“When their mate innocently does something to trigger emotions about those childhood losses, instead of understanding what’s at the heart of their anger they become angry at their mate. For example, a wife becomes angry with her husband for arriving home 30 minutes late. She’s irate and he doesn’t understand why this is such a big deal.
“Looking back at this lady’s childhood we find out that her parents divorced because her father was having an affair and would frequently come in late. Her anger stems from fear that her husband might do the same thing to her BUT this is never discussed. Anger is always a secondary reaction to a primary feeling.
“In order to get control over anger, Dr Hegstrom encourages individuals to identify how their parents and grandparents handled anger. What kind of losses did you experience during childhood? The next step is to identify what anger is and where it’s coming from. Is it rooted in feelings of hurt, invalidation, frustration, fear, anxiety, helplessness, hopelessness, inadequacy, guilt, etc? These are trigger points.
“Once a person knows their trigger points, instead of always reacting with anger they can step back, take a time out and say, ‘This is how I responded to what you said. Is that what you meant? When couples stop to discuss the little things, they are resolving conflict versus just reacting.’
“‘When individuals begin with childhood issues they begin to grow and heal in these areas,’ said Dr Hegstrom. ‘This process takes time. Many couples expect too much, too quick without any work. The value of a relationship is always greater than the conflict of the moment. If a person is teachable the issues are fixable.’
“A couple of weeks ago the Kueblers went on a trip with some friends. Mark and Lori ended up having a disagreement. The kids went swimming and Mark and Lori stayed in the room. After a period of silence both of them looked at each other. They said, ‘We need to settle this and move on. We actually talked without raising our voices and without getting angry,’ said Mrs. Kuebler.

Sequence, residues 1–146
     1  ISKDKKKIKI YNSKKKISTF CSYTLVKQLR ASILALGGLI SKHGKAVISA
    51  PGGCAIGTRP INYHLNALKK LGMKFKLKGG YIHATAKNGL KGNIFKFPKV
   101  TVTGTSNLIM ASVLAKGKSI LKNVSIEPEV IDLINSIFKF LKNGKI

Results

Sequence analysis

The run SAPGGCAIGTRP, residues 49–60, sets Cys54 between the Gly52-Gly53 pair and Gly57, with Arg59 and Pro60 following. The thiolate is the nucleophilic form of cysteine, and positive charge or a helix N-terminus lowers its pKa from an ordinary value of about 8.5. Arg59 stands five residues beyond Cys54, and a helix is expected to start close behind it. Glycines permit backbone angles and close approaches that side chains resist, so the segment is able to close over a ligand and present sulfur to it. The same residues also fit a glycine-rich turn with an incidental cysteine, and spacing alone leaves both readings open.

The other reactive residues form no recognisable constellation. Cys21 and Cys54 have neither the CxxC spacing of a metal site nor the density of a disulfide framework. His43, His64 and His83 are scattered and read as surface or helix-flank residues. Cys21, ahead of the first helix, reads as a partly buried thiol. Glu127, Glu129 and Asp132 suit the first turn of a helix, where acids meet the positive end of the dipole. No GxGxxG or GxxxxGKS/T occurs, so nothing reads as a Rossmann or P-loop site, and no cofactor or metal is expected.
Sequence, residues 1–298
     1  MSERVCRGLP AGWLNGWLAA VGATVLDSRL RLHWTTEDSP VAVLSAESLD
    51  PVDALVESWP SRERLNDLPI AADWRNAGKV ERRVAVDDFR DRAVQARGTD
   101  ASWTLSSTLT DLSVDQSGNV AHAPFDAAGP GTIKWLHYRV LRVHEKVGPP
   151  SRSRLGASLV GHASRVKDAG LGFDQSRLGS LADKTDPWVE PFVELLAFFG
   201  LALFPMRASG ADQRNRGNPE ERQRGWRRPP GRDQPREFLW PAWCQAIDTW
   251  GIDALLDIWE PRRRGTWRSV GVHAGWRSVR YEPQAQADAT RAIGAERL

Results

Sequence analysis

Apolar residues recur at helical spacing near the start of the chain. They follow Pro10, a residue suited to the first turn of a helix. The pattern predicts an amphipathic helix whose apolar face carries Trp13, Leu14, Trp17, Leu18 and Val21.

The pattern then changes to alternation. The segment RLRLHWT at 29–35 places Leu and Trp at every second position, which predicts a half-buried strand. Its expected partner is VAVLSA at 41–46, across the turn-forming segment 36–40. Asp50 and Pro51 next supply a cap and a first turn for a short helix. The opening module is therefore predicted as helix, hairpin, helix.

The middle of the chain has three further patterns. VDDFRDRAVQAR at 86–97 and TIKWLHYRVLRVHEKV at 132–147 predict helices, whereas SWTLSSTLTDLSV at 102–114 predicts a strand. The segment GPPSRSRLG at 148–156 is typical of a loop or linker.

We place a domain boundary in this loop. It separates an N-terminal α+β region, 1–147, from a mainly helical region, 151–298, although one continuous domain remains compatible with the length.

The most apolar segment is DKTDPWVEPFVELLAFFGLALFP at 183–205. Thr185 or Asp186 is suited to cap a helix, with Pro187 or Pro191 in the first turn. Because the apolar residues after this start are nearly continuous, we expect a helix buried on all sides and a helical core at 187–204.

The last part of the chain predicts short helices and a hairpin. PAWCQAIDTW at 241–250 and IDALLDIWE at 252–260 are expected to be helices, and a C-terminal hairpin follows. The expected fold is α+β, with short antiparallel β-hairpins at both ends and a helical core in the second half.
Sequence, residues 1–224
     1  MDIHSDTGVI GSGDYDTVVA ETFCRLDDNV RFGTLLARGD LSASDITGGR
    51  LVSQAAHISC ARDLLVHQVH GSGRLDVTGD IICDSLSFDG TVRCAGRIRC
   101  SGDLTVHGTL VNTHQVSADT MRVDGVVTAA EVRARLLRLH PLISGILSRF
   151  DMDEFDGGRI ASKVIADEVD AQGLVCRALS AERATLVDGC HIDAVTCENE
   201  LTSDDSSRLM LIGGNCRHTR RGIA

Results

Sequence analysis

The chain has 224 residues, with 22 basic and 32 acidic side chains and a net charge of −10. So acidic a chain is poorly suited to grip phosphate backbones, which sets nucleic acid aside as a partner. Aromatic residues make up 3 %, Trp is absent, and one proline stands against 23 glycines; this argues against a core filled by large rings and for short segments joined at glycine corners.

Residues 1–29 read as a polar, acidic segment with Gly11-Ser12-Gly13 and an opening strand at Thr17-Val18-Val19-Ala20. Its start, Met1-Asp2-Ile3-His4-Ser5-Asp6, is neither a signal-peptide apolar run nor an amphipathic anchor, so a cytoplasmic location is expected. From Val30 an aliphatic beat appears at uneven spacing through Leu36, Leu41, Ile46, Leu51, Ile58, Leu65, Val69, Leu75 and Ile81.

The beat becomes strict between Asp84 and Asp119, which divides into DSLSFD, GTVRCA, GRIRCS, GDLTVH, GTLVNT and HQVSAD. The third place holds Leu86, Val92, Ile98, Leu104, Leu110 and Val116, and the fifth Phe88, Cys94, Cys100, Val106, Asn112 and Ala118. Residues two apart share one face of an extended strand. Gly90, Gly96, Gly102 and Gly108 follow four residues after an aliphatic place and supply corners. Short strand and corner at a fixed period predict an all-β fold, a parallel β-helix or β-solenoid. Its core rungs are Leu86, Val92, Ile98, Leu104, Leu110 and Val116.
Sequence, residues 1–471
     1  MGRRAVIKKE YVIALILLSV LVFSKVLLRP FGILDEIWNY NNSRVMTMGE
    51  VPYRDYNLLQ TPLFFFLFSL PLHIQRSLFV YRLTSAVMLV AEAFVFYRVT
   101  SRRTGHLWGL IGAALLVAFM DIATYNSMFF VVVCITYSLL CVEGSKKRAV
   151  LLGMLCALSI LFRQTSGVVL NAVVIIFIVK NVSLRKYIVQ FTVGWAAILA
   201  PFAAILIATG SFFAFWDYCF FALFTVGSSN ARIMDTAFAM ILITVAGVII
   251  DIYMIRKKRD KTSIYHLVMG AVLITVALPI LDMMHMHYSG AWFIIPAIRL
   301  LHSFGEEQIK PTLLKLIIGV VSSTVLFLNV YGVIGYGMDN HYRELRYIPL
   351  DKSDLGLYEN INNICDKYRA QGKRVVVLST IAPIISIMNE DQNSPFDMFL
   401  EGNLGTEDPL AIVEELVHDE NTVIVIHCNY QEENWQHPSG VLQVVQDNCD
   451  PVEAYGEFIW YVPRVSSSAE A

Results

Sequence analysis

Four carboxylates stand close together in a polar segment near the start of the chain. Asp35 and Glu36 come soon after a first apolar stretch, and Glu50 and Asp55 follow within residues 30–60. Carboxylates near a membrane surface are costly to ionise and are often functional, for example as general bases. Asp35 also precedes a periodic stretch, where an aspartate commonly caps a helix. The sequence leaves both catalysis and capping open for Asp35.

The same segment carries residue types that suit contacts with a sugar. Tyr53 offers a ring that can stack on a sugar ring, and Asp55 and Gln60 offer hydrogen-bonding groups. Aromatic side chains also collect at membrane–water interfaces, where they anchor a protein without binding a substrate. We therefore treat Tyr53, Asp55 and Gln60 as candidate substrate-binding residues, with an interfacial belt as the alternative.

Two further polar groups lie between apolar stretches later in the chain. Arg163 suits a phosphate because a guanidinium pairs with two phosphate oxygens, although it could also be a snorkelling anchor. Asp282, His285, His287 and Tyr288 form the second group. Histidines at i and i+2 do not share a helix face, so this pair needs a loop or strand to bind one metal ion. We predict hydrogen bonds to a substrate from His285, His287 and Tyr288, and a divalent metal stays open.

‘Once you realize you’ve come to that point where you can talk without yelling at each other it feels so good. When you’re yelling you’re not going to get anything settled, you’re just going to make yourself even angrier. When you recognize ‘we need to do things differently’ you realize you’ve accomplished something in your marriage.'”
Learning Anger Management Skills
You may think it’s too much of a hassle to LEARN how to resolve conflict the way marriage educators recommend. It seems awkward and “unnatural” to argue in such a manner. But we want to ask you, how is it working for you the way you’ve handled arguments up to this point? Are you satisfied with the way you’re resolving your conflicts?
Remember, we’re told in the Bible that we’re to treat each other as more important than ourselves. Are you doing that? Does your spouse feel heard and understood by the way you express yourself? “If anyone considers himself religious and yet does not keep a tight rein on his tongue, he deceives himself and his religion is worthless.“ (James 1:26)
Gandhi once said, “My life is my message.” How much more this should be true for those of us who are Christ followers! What message are you giving out in the way you’re relating to your spouse? Are you communicating the gospel with and without words in the way you are handling your end of the conflicts you are having with your spouse?
If not, pray about what you can do about it. “Do not let any unwholesome talk come out of your mouths, but only what is helpful for building others up according to their needs, that it may benefit those who listen.” (Ephesians 4:29)
Keep in mind that we have many articles and tools posted on our web site. The Communication topics will particularly help you in this mission.
Cindy and Steve Wright